His style of playing bears a stamp of technical brilliance and rare sensitivity. His tonal beauty has elevated several concerts to a different level of aesthetic appeal. No wonder he was so intrigued by the tone of the instrument that he has mastered and pursued extensive research on it.

Mridangam maestro Umayalpuram K. Sivaraman will soon share fascinating insights on the art and science of Mridangam playing, an area he has been researching on for decades. A veteran performer who has been in the field of classical arts for over six decades, accompanying and collaborating with some of the greatest musicians in the field, Mr.Sivaraman has been researching on tonal aspects of the Mridangam for nearly four decades.

“About eight years ago the Central Leather Research Institute (CLRI) came forward to collaborate with me and now, we have found some very interesting aspects about the Nada of Mridangam, the factors that impact it,” says the musician, who spoke to The Hindu recently.

T. Ramasami, Secretary, Department of Science and Technology, Government of India, who was formerly Director of CLRI, and M.D. Naresh, scientist, CLRI, are among those collaborating with him on the project.

From the treatment of leather and choice of type of wood used to make the Mridangam, to special fingering techniques, a whole range of factors matter when it comes to achieving the tonal variations. The research work aims to achieve a nuanced understanding of such aspects.

“Mridangam playing should be an approximation to music. That is my philosophy. One should be able to hear the sahityam (lyrics) of a composition in the Mridangam playing. Though it is an instrument used as percussion, it is very much a Nada Vadyam,” he says.

The research project looks into a whole range of aspects such as tonal variations, overtones, harmonics, characteristics of the black patch, the difference caused by tanned and un-tanned skin (leather used), the reason behind choosing jack wood and the impact of sound amplification. “It is very fascinating. There is so much to know,” says Mr.Sivaraman, his eyes shining with child-like enthusiasm. “It is known that Sir. C.V.Raman wanted to probe the sound of the Mridangam. In a sense, my pursuit is a tribute to him, for I am deeply interested in the Nada of Mridangam.” The team has earlier made a presentation on its work at the Indian Institute of Science, Bangalore, in a programme dedicated to Sir C.V. Raman.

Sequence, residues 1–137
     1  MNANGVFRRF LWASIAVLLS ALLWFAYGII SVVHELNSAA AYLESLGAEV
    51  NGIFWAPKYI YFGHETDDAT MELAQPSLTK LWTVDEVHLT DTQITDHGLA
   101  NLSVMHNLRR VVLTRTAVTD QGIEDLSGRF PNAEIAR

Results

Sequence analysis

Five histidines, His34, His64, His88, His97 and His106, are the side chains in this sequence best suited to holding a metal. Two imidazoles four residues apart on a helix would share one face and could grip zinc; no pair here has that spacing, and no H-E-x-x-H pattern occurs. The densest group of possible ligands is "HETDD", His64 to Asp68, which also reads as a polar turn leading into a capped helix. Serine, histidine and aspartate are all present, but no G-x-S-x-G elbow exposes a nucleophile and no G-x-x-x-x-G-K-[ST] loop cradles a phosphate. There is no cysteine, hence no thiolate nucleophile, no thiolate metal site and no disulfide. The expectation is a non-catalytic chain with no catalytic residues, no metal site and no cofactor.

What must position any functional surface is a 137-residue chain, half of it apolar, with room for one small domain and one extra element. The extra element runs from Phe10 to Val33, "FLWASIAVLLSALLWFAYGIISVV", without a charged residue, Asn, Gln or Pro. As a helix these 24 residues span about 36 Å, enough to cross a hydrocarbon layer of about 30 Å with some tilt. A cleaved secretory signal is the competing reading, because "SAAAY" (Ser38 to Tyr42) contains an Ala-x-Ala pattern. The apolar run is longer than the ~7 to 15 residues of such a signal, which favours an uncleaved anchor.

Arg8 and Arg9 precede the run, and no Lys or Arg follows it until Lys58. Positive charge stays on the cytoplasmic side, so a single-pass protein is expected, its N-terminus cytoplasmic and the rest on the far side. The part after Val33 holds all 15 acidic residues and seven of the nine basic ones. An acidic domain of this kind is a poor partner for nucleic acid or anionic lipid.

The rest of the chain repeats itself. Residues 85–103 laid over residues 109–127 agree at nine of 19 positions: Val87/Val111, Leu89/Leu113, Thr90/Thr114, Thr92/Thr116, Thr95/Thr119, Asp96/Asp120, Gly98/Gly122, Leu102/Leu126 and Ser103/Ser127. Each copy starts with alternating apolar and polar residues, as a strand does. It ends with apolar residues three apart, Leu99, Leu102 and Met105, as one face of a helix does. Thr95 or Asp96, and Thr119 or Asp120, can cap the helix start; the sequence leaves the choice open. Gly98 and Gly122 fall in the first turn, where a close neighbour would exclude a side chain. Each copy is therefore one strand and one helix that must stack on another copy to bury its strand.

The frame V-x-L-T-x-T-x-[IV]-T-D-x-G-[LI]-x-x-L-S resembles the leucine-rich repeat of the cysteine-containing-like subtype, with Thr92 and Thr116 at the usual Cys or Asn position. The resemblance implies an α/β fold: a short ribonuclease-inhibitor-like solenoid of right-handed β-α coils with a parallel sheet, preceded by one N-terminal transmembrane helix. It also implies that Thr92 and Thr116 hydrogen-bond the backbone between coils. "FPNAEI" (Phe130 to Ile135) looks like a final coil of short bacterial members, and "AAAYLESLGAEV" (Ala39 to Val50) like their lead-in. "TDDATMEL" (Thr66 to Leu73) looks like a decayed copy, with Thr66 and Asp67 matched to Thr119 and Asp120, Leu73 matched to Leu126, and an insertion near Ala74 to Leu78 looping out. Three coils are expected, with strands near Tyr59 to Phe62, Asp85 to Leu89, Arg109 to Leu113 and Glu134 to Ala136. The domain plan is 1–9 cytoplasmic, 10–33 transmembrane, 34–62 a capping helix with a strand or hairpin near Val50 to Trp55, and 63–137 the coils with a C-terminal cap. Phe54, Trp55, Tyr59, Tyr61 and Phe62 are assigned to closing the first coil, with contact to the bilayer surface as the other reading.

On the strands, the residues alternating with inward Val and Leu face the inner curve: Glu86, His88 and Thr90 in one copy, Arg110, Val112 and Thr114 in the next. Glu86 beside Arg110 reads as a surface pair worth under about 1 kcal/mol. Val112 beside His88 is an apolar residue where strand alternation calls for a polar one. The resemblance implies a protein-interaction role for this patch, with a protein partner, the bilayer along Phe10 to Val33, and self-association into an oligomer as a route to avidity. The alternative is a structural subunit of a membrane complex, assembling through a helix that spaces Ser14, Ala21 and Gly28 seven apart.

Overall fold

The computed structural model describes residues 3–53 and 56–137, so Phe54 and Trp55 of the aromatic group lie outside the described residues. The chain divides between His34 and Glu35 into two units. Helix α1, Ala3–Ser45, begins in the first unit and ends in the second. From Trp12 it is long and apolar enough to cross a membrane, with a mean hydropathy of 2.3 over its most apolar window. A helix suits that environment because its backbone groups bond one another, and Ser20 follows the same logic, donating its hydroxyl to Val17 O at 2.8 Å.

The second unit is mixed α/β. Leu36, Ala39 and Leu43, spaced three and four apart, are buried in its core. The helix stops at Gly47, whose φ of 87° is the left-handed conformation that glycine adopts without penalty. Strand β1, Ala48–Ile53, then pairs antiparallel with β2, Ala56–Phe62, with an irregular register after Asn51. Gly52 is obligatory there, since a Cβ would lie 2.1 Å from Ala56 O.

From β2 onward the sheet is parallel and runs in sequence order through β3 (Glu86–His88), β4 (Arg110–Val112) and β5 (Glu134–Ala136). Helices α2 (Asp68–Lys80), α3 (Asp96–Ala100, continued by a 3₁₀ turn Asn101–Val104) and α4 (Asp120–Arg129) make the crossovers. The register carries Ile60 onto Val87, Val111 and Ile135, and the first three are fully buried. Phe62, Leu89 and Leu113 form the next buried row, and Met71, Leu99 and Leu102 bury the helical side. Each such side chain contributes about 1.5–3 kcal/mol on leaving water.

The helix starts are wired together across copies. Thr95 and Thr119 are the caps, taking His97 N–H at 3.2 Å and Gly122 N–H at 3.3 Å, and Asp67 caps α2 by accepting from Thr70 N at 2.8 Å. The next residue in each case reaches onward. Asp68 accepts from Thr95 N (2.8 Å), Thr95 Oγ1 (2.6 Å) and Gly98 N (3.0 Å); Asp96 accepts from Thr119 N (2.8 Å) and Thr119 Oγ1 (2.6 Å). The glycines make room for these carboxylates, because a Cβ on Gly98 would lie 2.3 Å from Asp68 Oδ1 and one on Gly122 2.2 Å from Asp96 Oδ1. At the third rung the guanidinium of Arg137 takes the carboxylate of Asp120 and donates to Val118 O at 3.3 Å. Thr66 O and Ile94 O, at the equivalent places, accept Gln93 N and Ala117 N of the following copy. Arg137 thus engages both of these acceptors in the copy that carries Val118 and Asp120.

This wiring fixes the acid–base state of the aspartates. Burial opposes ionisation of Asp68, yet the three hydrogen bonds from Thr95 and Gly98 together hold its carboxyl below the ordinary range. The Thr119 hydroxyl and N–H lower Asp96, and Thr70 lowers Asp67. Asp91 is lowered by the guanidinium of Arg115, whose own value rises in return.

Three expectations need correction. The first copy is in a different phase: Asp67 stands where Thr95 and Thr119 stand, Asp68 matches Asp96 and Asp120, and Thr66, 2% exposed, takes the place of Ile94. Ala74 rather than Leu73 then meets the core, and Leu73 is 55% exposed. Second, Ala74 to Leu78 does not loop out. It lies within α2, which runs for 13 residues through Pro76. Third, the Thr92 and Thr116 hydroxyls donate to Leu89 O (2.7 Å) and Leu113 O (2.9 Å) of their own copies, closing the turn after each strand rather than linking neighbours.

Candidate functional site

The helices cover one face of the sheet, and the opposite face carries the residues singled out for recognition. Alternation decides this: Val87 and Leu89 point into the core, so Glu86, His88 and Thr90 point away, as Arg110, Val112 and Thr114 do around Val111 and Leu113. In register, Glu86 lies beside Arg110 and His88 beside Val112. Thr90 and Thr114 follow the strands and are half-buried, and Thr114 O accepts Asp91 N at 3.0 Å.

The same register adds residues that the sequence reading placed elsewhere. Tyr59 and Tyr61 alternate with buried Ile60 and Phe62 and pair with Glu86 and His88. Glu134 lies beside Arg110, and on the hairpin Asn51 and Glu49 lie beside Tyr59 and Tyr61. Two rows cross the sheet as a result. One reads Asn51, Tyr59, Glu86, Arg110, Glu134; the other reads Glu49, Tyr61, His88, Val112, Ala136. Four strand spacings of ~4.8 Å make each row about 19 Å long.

Queried on his opinion on the need for sound systems in sabhas to compliment the nature of instruments, Mr. Sivaraman says exploring sound engineering as a rigorous academic discipline would enable involvement of trained professionals, who can look into the sound systems in sabhas with more sensitivity. “We could also consider the possibility of mike-less concerts, as is done in concert halls in several western countries,” he adds. Pointing to “light and shade” moments in music, he says sound systems should reflect the different colours and moods rather than merely amplifying the sound.

“Our research work is relevant to all artists in general and percussion artists in particular,” says Mr. Sivaraman, who, along with his collaborators, will make an interactive presentation on the findings of his research at a special programme being organised by the Dr. K.S.Krishnan Memorial Trust and Sri Krishna Gana Sabha here on December 5. Terming this endeavour “his dream”, Mr. Sivaraman says, “The voyage has begun. There is a long way to go.”

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